An app for everything, but can everyone use it?

Medium | May 26, 2020

For most of us, the day seems to revolve around our phones: check email, read the news, pay bills, and get directions to the store. Mobile apps are essential in day-to-day life.

Unfortunately, many apps fail to be fully accessible to people with disabilities or those who rely on assistive technologies. As one blind app user noted, using an inaccessible app is “a constant feeling of being devalued. It doesn’t matter about the stupid button that I can’t press in that moment. It’s that it keeps happening. … And the message that I keep receiving is that the world just doesn’t value me.”

Anne Spencer Ross is a UW Ph.D. candidate in computer science, working on accessibility.  She wrote about the state of app accessibility and shared ways that app users and developers can help make apps work for everyone. 

Read more of Ross’ article

UW Disability Studies, D Center win UW Medicine CLIME Grant

UW faculty and staff affiliated with CREATEUW Disability Studies and the UW D Center have received a grant from the Center for Leadership and Innovation in Medical Education (CLIME) to explore what it means to be an ally to people with disabilities. “This is an integral issue informing professional education in the medical fields as well as in design and engineering, says PI Heather Feldner. “I am most excited that this project has the potential to further the conversation about how an inclusive mindset can shape contemporary health professions education and practice. Accessibility and technology will be a big part of these conversations and the subsequent training material development. To be able to approach this project with the multidisciplinary perspectives of the CREATE team as a resource is a huge asset.”

Four CREATE faculty receive Google Research Awards

UW News | March 16, 2020

Four UW CREATE faculty have been named recipients of Google Faculty Research Awards. The grants, among 150 Google recently announced, support world-class technical research in computer science, engineering and related fields. Each award provides funding to support one graduate student for a year.

The recipients are Jennifer MankoffJames Fogarty and Jon Froelich of the Paul G. Allen School of Computer Science & Engineering and Leah Findlater of the Department of Human Centered Design & Engineering.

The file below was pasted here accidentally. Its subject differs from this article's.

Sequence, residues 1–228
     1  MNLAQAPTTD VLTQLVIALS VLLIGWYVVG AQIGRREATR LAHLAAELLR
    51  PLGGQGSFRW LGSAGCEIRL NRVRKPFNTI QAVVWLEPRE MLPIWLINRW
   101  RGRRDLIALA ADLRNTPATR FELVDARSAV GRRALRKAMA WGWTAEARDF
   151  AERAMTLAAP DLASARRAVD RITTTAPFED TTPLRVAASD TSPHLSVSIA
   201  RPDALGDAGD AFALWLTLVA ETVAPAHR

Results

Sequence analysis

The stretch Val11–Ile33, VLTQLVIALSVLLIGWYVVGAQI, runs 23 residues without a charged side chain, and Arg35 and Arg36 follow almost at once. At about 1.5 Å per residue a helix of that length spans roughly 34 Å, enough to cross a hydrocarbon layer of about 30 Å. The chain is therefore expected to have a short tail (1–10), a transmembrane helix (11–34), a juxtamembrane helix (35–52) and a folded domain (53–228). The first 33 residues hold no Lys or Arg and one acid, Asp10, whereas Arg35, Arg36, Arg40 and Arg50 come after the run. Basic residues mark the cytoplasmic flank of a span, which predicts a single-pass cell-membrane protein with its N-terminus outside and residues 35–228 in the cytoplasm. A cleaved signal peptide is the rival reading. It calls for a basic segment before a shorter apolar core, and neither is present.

The goal of the awards is “to identify and strengthen long-term collaborative relationships with faculty working on problems that will impact how future generations use technology,” according to Google.

ASSETS Paper Impact Award

Jacob Wobbrock honored for improving touch-screen accessibility

Congratulations to Jacob O. Wobbrock, a founding co-director of CREATE, for his work with Shaun Kane, PhD ’11 and Jeffrey Bigham, PhD ’09 improving the accessibility of mobile technology.

The team received the 2019 SIGACCESS ASSETS Paper Impact Award for their 2008 paper, “Slide Rule: Making mobile touch screens accessible to blind people using multi-touch techniques.” The award is given biennially by the Association for Computing Machinery’s Special Interest Group on Accessible Computing and recognizes a paper published at least a decade earlier that made a significant innovation that has been influential in the field.

Slide Rule addressed the challenge of navigating within a screen when mobile phones transitioned from physical buttons to touch screens. Their methods represented the first screen reader for touch screens, using simple gestures for navigation and tapping targets. These features have since become mainstream in commercial products.

Given the prevalence of touch screens in our society, the need to make them accessible to all people is still great, and we will continue to pursue that goal, along with the many other projects we are doing.

Jacob O. Wobbrock